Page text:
Motor vehicle deaths rose one percent from 2010 to 2012, according to the Governors Highway Safety Association. During that same time period, bicyclist fatalities rose 16 percent. The troubling trend is largely the result of accidents affecting a specific demographic - adult males in urban areas. Adults in general were once a small percentage of those killed in bicycle accidents. In 1975, people over the age of 20 made up on 21 percent of bicyclist fatalities. By 2012, that figure had risen to 84 percent. Adult males made up nearly three-quarters of the total of bike fatalities.
The National Transportation Safety Board is holding a highway safety forum this week on the topic of drowsy driving. The public forum will cover various topics, including the prevalence of drowsy driving, potential countermeasures to combat the problem and risk factors tied to the issue. The NTSB has given the forum the title Awake, Alert, Alive. While fatigue has been addressed in the world of commercial driving, its impact on noncommercial driving is less well understood.
The World Health Organization suggests that the optimal rate for Cesarean section births is somewhere between 5 and 10 percent. At the turn of the century, the rate of C-section births began to rise sharply. By 2009, almost one-third of the babies born in this country came by Cesarean section. The number has declined slightly since then. The Centers for Disease Control and Prevention report that 32.8 percent of deliveries came by Cesarean in 2012. A recent study conducted by the University of Minnesota suggests that Cesarean rates are the result of hospital culture, rather than the medical needs of the mother or infant.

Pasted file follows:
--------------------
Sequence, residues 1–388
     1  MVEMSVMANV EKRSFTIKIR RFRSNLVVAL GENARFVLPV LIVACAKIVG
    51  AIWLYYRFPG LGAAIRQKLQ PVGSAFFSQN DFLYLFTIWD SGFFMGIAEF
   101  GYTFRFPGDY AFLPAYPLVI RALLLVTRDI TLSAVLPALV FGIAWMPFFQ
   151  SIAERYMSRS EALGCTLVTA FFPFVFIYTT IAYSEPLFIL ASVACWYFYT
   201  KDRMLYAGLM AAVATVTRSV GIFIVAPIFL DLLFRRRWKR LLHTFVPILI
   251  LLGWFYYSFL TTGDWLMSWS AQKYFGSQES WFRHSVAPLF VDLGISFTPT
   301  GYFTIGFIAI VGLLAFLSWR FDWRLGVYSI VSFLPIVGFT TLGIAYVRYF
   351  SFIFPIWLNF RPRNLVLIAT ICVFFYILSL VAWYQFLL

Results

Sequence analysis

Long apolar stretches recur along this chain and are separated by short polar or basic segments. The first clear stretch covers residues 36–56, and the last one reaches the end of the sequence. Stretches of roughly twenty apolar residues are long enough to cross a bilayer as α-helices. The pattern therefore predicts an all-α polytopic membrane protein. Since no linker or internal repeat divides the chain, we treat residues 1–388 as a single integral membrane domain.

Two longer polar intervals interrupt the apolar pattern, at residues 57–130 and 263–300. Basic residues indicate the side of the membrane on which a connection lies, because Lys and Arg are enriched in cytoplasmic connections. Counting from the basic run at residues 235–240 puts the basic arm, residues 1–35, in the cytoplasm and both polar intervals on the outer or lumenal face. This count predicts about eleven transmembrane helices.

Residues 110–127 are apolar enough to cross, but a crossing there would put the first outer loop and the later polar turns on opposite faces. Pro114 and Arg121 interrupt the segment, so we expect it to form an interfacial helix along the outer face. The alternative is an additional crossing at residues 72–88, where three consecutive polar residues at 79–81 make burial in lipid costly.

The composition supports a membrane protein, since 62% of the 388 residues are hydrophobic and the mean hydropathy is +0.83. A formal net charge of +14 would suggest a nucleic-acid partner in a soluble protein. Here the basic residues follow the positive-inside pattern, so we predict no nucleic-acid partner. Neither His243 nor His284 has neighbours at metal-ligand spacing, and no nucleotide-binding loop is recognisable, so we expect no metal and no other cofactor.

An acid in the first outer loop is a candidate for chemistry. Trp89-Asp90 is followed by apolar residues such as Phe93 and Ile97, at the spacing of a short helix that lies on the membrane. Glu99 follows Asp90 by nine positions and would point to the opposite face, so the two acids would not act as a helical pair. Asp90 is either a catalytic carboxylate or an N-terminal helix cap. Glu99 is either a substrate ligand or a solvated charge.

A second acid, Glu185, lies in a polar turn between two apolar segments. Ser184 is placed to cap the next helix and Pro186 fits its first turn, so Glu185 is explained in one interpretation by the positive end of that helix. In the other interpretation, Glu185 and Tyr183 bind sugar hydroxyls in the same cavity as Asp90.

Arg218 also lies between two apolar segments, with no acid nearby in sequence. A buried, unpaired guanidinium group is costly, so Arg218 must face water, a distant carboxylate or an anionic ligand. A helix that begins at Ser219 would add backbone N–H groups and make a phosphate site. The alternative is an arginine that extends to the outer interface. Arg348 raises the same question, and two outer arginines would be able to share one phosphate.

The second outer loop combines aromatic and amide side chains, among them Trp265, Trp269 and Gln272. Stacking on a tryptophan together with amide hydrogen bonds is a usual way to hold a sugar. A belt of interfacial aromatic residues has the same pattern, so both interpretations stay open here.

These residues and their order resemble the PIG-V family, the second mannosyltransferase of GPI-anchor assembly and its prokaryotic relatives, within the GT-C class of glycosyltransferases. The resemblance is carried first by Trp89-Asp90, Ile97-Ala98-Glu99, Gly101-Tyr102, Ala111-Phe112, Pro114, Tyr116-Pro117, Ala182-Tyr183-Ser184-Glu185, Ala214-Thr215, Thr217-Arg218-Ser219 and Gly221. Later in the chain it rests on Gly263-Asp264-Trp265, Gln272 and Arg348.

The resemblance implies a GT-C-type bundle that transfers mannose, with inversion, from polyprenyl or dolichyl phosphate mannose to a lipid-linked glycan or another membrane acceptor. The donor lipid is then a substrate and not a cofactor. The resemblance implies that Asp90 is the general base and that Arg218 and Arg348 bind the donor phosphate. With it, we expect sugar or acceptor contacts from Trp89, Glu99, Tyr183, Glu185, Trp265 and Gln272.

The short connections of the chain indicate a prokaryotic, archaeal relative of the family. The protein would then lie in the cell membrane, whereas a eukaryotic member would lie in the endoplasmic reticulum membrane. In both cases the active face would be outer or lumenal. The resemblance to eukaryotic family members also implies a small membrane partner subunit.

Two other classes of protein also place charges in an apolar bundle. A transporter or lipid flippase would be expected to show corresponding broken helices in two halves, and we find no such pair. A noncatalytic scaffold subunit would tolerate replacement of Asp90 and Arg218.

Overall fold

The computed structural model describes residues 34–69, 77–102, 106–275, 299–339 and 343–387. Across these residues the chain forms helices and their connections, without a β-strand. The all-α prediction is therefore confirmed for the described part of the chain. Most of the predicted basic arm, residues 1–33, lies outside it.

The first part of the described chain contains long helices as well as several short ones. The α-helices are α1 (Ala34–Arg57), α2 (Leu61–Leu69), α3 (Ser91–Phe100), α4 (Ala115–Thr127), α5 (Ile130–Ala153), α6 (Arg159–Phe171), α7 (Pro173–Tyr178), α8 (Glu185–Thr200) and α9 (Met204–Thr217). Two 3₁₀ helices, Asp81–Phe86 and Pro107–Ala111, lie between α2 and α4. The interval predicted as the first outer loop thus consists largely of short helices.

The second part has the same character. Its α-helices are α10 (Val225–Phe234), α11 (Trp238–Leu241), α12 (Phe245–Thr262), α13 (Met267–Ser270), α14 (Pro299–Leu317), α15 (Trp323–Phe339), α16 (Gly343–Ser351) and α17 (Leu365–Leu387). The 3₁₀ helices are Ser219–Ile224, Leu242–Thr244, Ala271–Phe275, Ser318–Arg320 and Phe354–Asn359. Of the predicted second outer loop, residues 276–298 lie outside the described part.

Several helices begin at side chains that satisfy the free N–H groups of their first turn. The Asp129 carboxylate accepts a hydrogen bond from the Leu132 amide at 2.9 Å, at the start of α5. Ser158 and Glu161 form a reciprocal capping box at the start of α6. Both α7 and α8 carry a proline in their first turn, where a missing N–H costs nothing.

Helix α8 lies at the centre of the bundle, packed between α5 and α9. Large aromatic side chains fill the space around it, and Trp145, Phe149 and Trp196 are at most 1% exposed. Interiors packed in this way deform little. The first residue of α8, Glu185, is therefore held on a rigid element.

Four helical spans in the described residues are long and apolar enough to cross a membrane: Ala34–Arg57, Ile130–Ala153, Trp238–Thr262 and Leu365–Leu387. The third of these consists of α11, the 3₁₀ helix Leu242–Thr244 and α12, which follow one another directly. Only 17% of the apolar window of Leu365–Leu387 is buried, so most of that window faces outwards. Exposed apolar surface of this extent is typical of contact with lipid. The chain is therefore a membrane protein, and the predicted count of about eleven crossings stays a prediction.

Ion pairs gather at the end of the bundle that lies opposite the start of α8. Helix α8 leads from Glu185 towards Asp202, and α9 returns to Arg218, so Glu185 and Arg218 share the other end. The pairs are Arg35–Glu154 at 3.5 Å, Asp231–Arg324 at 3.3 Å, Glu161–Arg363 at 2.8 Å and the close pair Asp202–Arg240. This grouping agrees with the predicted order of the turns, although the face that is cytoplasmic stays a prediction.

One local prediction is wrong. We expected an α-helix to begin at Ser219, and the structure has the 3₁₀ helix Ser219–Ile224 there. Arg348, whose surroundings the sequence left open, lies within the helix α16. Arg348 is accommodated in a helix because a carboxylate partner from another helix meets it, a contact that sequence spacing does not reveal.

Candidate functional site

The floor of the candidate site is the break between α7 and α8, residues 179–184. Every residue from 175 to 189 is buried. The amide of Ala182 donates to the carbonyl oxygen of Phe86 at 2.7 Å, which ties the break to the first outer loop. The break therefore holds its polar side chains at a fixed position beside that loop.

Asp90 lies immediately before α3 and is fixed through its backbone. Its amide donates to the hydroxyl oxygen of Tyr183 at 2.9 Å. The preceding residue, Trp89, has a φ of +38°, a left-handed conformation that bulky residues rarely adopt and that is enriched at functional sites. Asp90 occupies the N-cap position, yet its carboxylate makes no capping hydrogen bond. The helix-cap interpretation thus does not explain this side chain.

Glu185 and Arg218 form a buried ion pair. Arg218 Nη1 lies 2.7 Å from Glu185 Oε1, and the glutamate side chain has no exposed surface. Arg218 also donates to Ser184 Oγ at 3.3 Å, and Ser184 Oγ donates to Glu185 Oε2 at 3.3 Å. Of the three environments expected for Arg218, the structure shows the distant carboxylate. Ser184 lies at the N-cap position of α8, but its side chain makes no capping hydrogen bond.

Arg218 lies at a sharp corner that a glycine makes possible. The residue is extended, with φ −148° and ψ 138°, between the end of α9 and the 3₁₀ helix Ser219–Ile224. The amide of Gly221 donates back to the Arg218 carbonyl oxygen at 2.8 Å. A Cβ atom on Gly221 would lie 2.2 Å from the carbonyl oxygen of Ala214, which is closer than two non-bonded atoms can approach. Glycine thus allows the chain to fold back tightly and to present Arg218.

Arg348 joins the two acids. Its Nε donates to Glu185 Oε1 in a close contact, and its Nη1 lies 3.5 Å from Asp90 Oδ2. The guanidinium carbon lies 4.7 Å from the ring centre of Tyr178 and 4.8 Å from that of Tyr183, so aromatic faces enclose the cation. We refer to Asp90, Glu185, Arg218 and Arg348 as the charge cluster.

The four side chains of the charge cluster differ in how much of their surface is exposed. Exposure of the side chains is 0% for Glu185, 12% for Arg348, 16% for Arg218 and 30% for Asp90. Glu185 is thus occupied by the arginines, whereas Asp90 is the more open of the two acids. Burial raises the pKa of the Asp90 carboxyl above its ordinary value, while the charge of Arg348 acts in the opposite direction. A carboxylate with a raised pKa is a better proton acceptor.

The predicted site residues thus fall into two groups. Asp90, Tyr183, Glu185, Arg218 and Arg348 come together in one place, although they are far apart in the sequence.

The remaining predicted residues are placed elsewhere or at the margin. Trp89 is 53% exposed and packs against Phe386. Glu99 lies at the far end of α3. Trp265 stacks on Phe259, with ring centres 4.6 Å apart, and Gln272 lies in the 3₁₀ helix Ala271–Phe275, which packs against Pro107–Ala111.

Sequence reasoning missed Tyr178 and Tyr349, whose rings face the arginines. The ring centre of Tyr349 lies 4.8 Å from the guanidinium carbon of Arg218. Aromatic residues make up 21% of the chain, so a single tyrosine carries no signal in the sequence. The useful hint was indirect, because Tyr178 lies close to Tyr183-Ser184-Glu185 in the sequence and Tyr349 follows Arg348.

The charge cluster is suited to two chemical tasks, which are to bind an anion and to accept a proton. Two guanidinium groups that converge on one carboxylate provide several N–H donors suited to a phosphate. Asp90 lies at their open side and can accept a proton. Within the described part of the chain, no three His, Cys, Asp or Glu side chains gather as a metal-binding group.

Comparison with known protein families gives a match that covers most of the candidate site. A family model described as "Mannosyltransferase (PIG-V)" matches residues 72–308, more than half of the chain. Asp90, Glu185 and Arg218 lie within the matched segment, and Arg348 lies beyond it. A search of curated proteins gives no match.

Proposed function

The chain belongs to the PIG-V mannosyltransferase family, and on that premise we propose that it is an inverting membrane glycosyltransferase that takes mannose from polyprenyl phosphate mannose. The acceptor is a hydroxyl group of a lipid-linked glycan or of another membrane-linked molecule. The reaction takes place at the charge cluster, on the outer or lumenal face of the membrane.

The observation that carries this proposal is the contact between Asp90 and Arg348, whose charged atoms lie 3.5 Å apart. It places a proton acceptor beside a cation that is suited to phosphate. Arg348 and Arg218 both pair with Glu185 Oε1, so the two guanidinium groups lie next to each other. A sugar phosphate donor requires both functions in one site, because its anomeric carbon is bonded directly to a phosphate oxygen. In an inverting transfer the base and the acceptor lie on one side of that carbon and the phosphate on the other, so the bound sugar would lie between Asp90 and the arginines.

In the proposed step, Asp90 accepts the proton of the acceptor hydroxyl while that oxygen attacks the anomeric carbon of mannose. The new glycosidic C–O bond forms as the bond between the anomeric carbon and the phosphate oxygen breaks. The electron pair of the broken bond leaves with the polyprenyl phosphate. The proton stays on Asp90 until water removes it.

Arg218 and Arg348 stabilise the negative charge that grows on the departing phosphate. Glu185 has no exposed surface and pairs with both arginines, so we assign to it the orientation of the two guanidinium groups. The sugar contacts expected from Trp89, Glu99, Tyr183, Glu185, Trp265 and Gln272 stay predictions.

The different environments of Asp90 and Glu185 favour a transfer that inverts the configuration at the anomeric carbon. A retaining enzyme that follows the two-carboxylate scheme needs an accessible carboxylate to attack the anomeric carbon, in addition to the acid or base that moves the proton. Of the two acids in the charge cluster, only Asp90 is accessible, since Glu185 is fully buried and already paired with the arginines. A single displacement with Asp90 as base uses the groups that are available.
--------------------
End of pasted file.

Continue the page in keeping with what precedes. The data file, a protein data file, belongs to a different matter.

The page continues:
Two recent studies have called into question the safety of voice-activated technology used by drivers. Distracted driving accidents injured an estimated 421,000 people in 2012, according to the National Highway Traffic Safety Administration. The NHTSA defines distracted driving as "any activity that could divert a person's attention away from the primary task of driving." The definition does not say anything about taking the driver's hands off the wheel. This is an important thing to note due to the rise of hands-free and voice-activated technology.
The Centers for Disease Control and Prevention recommends that children be placed in car seats until at least the age of 5. All children less than 57 inches tall should use a car seat or a booster seat. Having your child secured in the right seat, installed in the correct manner, is not always a simple matter. One study conducted by the National Highway Traffic Safety Administration found that 72 percent of car and booster seats are misused in a way that increases the chances that the child will die in a car accident. The NHTSA recently released a new tool that could help parents address their car seat concerns.